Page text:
New issues arise with three sites. In an earlier scenario we had two distributors A and B doing their thing. A linked sites x and y while B linked sites y and z. If we assume that there is physical communication of suitable quality between sites x and z we may want to allow direct communication between x and z. This may: To this end we suppose that A and B merge interests and cooperate. Now when a forwarder Z in y gets a message destined for z and that message holds a reference to something at x, then the forwarder can recognize that reference as actually a sibling in the newly extended family. Unless y has already introduced x and z it does so. This may be done by sending the public Diffie-Hellman key of either to the other. This provides x and z with a shared secret for either authentication or encryption. y does not share that secret. The object at x is identified by the index that the link from y to x would use to identify the object, along with a site code. This case is insecure as it stands. Site x has no reason to believe a signal from z claiming access to the object at x since site z could have fabricated such a signal without help from site y. The forwarder Z at y must include an authenticated signal to x embedded in the signal to z. That signal says to x: “grant to site z access to the object number 13 as known over the x-y link”. Site z will forward the embedded message to site x as it claims access to the object there.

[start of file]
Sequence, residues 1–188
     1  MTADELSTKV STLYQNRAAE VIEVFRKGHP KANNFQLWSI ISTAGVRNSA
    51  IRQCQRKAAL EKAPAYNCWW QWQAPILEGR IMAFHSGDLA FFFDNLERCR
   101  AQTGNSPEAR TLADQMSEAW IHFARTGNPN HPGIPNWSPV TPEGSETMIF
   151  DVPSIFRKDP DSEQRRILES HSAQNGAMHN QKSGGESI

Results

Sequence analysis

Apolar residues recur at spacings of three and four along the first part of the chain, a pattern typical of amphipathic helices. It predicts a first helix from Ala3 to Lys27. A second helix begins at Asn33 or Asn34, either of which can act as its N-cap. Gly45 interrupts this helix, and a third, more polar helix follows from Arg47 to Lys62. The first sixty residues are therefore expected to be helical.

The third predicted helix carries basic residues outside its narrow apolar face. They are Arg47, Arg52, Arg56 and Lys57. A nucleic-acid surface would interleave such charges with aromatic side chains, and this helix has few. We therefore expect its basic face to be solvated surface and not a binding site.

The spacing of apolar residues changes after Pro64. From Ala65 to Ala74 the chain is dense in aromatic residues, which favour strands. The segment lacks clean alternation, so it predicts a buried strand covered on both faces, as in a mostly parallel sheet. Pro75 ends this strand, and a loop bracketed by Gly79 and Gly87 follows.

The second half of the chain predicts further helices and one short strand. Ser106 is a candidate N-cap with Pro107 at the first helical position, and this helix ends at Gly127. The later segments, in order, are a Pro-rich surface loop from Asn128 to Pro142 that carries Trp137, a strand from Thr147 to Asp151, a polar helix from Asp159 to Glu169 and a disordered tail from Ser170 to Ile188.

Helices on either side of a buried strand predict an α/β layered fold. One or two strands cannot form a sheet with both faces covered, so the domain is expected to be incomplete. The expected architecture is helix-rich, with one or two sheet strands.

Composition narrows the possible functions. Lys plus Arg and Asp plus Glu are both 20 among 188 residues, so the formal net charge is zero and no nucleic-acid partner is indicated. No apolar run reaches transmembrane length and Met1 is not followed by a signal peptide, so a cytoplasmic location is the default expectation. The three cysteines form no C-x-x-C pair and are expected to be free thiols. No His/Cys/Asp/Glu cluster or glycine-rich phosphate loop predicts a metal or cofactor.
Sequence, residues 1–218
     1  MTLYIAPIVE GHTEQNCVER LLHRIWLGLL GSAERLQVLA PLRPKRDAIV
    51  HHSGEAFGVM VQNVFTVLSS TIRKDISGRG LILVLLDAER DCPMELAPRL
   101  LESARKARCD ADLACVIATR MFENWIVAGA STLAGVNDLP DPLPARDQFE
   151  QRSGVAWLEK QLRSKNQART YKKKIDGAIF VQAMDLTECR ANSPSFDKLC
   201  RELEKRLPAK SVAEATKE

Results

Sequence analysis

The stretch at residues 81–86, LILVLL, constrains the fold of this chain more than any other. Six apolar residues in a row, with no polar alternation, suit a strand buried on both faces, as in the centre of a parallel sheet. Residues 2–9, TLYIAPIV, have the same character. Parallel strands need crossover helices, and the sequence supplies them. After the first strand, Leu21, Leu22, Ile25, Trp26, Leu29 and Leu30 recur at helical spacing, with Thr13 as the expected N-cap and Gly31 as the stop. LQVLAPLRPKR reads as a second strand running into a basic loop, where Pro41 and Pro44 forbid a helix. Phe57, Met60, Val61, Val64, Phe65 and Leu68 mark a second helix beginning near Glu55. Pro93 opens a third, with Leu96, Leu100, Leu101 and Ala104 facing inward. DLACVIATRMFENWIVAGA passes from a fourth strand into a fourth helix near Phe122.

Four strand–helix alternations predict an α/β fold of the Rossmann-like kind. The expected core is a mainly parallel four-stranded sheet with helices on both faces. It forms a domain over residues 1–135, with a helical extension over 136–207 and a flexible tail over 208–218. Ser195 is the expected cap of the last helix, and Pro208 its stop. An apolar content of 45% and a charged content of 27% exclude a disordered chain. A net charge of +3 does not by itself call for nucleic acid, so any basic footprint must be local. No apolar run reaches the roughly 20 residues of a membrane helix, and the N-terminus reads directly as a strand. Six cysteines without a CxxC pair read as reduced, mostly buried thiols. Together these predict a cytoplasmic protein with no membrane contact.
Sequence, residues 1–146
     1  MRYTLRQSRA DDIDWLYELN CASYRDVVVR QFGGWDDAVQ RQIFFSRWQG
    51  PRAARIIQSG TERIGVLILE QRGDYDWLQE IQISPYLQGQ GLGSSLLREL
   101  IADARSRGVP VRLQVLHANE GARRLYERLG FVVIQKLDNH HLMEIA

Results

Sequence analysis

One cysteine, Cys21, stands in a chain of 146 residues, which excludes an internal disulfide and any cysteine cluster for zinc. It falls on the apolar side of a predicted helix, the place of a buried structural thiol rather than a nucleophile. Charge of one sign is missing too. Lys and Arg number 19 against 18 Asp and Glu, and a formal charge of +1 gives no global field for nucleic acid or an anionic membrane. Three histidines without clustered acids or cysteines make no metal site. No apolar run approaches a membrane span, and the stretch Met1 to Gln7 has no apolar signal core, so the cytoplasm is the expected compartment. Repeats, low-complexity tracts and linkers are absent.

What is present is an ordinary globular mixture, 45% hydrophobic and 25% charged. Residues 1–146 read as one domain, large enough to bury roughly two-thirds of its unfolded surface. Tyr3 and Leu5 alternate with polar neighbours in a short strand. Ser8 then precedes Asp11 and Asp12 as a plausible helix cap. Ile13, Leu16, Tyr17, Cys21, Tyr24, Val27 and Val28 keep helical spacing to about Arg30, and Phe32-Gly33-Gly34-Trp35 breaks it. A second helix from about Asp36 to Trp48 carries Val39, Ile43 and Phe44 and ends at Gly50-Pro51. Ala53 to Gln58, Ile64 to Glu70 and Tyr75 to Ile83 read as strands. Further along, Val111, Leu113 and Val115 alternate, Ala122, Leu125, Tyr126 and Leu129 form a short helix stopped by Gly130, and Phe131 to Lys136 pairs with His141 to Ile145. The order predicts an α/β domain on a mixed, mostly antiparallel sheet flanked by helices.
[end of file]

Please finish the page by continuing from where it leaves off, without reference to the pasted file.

There are several interesting points about this protocol:

Sometimes, counter to our assumption, the communications infrastructure does not support connections (links) between arbitrary sites well. The infrastructure may be physical links. Still iterated forwarders are a poor solution. It is possible to build a signal forwarding service that provides the effect of arbitrary links. This service may be provided outside the confines of the capability system. It has the curious advantage that subsequent subversion of an intermediary site can deny service but not spoof or spy on an encrypted link that it hosts. These questions rapidly become questions of network design which is not our purpose here.


A strange almost mystical problem nags. When a site receives the DH key to a previously unknown site it may come with a built in man-in-the-middle. If site A sends site B’s DH key to site C, and C has already established communications with B then all is well. If the DH key is the only way that sites designate sites to each other then the man-in-the-middle must build his reputation just as any other site. An application must use means outside the scope of communications protocols to decide which sites are secure enough for its purposes. If some site naming convention other than its public key were used, then establishing a site’s public key would lead to the well known public key infrastructure problems. Those problems evaporate when the public key is the name. Only the problems of reputations remain.